The writing was excellent, sparse & powerful. I had no problem with the initialized names.... they were lighter and easier to hold & release in the fluidity of the evacuation.
Most of the disaster takes place "off-screen," the keywords breaking through the static quite enough. I felt so sad for London. Oh, and the epigraph is outstanding.
Thank you to Edelweiss & Grove Press for for the opportunity to preview this ARC. I will refer it to my book group. ****
:: How good is this book? Well, I'd just moved... and found time to read it among the boxes & furniture placement. In spare, first person, translated from the French prose, Ms Roger presents a widower, Jean-Pierre, in hospital, recently fished out of the Seine. At some point in his recovery, he decides to journal this experience -- and some of his life -- which forms the novel. His present world, includes a teenage girl (also a patient) who borrows his laptop to update her Facebook page), the young policeman who brought him to the hospital, a young French rent-boy who saved his life, nurse Myriam, old friends via email, and disconnected family.
Our hero is basically a lonely old codger, now with broken bones & a broken spirit to match... and he's pretty sure he wasn't trying to kill himself. But he does not know why he fell off a bridge, into the Seine, in the middle of the night.
The journal format tracks his physical and spiritual healing. But not sweetly... one is not overwhelmed by the wonderfulness of life. No, this mish-mash of characters each have hidden lives, which frequently irritates or confuses the others. Revelations are deliberate, interesting, and not completely unexpected.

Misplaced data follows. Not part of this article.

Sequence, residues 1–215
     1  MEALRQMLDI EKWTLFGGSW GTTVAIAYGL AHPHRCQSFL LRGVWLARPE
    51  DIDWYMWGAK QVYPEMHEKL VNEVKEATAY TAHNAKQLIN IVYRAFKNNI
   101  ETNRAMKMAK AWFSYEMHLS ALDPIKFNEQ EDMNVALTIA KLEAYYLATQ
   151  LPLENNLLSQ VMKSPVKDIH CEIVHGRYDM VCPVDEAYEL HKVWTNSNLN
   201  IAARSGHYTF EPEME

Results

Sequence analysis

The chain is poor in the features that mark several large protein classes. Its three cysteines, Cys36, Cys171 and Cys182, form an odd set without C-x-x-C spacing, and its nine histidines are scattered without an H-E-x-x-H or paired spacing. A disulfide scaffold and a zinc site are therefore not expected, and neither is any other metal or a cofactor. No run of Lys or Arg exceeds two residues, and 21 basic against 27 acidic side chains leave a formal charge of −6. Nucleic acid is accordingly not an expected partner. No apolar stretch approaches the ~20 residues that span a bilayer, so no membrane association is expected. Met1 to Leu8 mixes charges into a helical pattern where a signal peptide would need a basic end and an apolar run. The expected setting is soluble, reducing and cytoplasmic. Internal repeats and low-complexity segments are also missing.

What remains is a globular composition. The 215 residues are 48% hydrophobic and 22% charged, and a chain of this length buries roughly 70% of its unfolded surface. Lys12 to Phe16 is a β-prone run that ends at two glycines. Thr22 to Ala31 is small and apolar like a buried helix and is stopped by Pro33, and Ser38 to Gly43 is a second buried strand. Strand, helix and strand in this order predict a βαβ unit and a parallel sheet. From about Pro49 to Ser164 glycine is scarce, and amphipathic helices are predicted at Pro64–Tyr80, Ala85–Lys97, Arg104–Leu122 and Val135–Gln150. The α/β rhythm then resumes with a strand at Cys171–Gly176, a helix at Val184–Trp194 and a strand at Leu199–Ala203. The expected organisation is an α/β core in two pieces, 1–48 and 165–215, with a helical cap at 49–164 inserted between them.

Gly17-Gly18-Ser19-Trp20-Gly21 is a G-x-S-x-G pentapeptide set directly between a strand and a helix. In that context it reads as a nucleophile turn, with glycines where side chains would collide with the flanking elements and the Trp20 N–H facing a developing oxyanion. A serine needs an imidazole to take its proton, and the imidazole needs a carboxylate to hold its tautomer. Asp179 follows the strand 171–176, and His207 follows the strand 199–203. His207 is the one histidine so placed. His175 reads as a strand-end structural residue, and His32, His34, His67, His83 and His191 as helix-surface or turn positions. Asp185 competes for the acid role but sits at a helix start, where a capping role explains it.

I liked it so much I was surprised & disappointed to find myself at the end. I'm almost tempted to read it in French. Thanks to Edelweiss & Pushkin Press for the opportunity to preview this ARC. *****
Sourdough by Robin Sloan :: Mr. Penumbra... made my Top 10 list that year, so I've been eagerly awaiting Sloan's next. Sourdough satisfies in a similar way. Diverse areas: robotics, food preparation & selling, bread baking, long-distance "love," restaurant wars... Lots going on, interesting characters & situations, in-depth (yet interesting) info, techie female 1st person perspective. Made me hungry, wished I could try some of the bread & soups described. Not necessarily an inferior book to his first, but because I don't cook and I do read, this one seems slightly slighter.
But I read to the end & didn't skip, so I'll say his writing was engagingly good. Please, sir, I'd like some more! Thank you for the opportunity to preview this book. ****
My friend Susan really liked it. I did not find it so. It was easy to put down and ignore. I skipped ahead to the ending, just to see where it might go, and was both happy and bothered that I did. Writing was good, characterizations so-so, timing way too long. Semi-interesting plot points. Thanks to Edelweiss & Hogarth for this review copy. **
IQ by Joe Ide :: I really enjoyed this debut novel of an LA PI. Good characterization, excellent writing & dialogue, unfamiliar situations & bad guys with bad dogs, good guys with good hearts, everyone just trying to get through their lives. IQ's love for Marcus shines through, informing his life. Will read more if a series is in the works. Or if not.
(I know IQ is a fictional character, but I would like him to get the GED or take classes. He would too. Weird, I know, but such a great character. Not flimsy, great negotiator.) ****